REPOSTED FROM WTF-WHY TEENS FAIL.COM
Bullying is defined by experts as a threatening or harassing situation that involves (1)a bully, (2) a target and (3) one or more bystanders. Experts have been trying for centuries to prevent bullying by educating the bullies and the targets while largely ignoring the bystanders. But the truth is, while 1 in 4 students report being bullied, nearly all students have witnessed a bullying encounter at some point. With so many students on the sidelines, it makes sense to teach those bystanders how to intervene in a safe and effective manner. The success of the following 3 strategies will depend largely upon your kid’s personality type and which strategy they’re most comfortable using.
- Tell a trusted adult. This strategy has been touted by experts for years and usually only works under the most extreme circumstances. Children report that adult intervention may stop the violence, but it tends to increase ostracization. Kids are keen to point out a snitch or a tattletale. This strategy should be used primarily to intervene when physical harm or threats of violence are suspected.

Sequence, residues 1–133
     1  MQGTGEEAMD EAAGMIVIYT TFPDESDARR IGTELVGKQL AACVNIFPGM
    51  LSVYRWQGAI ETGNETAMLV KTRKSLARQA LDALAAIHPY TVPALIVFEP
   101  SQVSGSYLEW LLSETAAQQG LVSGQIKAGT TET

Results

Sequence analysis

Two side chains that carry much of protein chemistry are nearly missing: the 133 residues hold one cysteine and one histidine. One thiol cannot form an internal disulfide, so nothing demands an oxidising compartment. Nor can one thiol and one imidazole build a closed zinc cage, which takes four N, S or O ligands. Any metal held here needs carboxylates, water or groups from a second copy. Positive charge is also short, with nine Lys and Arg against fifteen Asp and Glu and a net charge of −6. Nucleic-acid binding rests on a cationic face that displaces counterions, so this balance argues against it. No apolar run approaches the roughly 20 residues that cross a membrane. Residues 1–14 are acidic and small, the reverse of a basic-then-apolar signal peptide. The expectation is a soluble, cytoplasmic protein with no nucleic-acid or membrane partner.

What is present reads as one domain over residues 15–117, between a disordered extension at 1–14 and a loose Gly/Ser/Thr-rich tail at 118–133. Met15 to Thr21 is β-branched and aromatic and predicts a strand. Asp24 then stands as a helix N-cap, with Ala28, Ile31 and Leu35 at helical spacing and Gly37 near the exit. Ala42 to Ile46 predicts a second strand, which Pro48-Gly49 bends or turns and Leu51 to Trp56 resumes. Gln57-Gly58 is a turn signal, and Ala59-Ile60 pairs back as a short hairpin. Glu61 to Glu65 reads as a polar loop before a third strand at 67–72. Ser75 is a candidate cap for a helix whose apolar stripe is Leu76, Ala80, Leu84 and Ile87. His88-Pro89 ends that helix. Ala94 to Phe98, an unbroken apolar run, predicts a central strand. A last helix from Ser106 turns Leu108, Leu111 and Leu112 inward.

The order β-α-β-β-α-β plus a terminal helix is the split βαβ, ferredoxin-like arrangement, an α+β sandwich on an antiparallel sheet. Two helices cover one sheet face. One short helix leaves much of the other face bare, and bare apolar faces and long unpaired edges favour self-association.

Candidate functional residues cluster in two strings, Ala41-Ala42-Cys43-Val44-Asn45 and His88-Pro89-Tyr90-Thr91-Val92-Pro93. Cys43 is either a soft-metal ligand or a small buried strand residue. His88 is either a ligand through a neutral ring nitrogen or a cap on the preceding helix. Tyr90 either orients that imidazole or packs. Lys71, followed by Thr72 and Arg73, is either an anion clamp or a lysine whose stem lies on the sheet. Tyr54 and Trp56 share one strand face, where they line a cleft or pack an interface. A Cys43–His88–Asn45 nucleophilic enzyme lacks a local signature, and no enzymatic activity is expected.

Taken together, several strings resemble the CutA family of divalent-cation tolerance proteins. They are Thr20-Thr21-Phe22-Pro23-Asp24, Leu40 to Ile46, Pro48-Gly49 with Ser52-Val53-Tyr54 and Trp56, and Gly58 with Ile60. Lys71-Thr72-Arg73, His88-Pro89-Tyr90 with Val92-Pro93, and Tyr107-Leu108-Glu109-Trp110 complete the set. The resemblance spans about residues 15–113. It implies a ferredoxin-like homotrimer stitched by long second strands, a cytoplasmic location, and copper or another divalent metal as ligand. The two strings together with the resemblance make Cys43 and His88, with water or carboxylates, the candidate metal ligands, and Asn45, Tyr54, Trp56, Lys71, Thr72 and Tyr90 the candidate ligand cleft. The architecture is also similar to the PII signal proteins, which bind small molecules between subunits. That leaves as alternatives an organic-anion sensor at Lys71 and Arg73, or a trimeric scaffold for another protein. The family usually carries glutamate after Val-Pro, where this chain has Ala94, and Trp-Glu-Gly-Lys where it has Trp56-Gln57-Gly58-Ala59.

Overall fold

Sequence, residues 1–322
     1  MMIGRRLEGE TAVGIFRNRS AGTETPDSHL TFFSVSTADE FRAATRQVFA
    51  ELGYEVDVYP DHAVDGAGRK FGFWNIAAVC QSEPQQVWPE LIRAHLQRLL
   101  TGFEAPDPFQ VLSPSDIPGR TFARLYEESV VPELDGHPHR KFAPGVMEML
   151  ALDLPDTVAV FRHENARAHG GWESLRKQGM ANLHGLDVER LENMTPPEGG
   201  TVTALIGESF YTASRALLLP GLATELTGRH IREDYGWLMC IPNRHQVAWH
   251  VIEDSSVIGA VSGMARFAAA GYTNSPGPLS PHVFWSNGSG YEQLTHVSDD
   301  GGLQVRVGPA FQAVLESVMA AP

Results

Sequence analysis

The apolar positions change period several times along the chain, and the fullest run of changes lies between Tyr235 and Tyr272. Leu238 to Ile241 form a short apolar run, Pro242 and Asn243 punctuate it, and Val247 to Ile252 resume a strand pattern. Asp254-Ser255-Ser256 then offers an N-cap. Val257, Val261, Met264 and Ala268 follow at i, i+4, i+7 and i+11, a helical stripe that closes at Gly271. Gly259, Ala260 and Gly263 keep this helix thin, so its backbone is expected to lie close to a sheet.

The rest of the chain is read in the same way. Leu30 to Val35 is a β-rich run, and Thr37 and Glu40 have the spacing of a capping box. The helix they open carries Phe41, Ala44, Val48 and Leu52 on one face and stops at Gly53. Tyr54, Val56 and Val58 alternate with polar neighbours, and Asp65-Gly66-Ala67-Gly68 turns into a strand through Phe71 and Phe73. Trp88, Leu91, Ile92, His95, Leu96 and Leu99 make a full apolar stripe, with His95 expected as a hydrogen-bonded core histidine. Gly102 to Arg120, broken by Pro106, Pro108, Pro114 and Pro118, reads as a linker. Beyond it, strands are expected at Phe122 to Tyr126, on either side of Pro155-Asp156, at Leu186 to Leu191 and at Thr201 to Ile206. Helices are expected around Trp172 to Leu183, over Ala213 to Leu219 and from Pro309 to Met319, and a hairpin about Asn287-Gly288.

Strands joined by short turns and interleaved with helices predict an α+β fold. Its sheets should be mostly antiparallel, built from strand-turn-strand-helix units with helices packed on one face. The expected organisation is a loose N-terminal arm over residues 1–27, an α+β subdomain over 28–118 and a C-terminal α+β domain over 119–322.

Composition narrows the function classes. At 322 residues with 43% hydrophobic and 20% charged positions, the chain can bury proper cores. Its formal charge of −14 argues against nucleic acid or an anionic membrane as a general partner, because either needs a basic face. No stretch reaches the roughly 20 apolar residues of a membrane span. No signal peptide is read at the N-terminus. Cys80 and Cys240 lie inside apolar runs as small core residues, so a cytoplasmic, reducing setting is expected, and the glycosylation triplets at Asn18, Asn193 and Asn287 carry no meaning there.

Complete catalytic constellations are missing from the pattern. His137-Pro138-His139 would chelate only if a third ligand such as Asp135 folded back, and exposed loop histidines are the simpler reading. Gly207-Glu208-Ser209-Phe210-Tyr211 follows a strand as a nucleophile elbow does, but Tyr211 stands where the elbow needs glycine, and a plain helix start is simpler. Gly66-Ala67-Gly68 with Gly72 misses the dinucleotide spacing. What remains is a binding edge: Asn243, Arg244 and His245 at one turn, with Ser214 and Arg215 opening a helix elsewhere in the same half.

- Be an “out-in-front” leader. Very few people have this quality. We all know that kid, and have probably wished we were more like him/her. He walks in a room and everyone responds, eagerly hanging on his every word. This kid can say “hey knock it off, that’s not cool” and the bullying will stop because everyone wants to please this person. Most of us can’t pull this off. We either end up making ourselves the bully’s next target or escalating the drama to a higher level. If you have to ask yourself if you are that guy, then you’re not him.
- Be a “behind-the-scenes” leader (BTSL). Even if you’re not an “out-in-front” leader, anyone can be a BTSL. This person wisely waits to intervene until after the heat of the moment has passed (unless someone is being physically harmed). The BTSL can then do one of two things depending on their relationship to the bully and the target. If they’re friendly with the bully, they can take the bully aside privately and say “I like you, but I don’t agree with how you treated so-and-so.” If the BTSL is friendly with the target, they can say in private “I heard what so-and-so said to you, and I just wanted you to know I don’t agree with how they treated you. I think you’re cool.” This can be done in person, by text, or by private message. If using social media, BTSLs should avoid the temptation to make any public comments that could escalate the drama.
Each of these strategies has a time and a place. If there is a threat to harm somebody, a trusted adult should be told every time. If someone is being harmed, everyone should try their hand at being an “out-in-front” leader. Under every circumstance, everyone can and should be a “behind-the-scenes” leader. It might just be the difference between life and death for the chronically bullied and depressed target.
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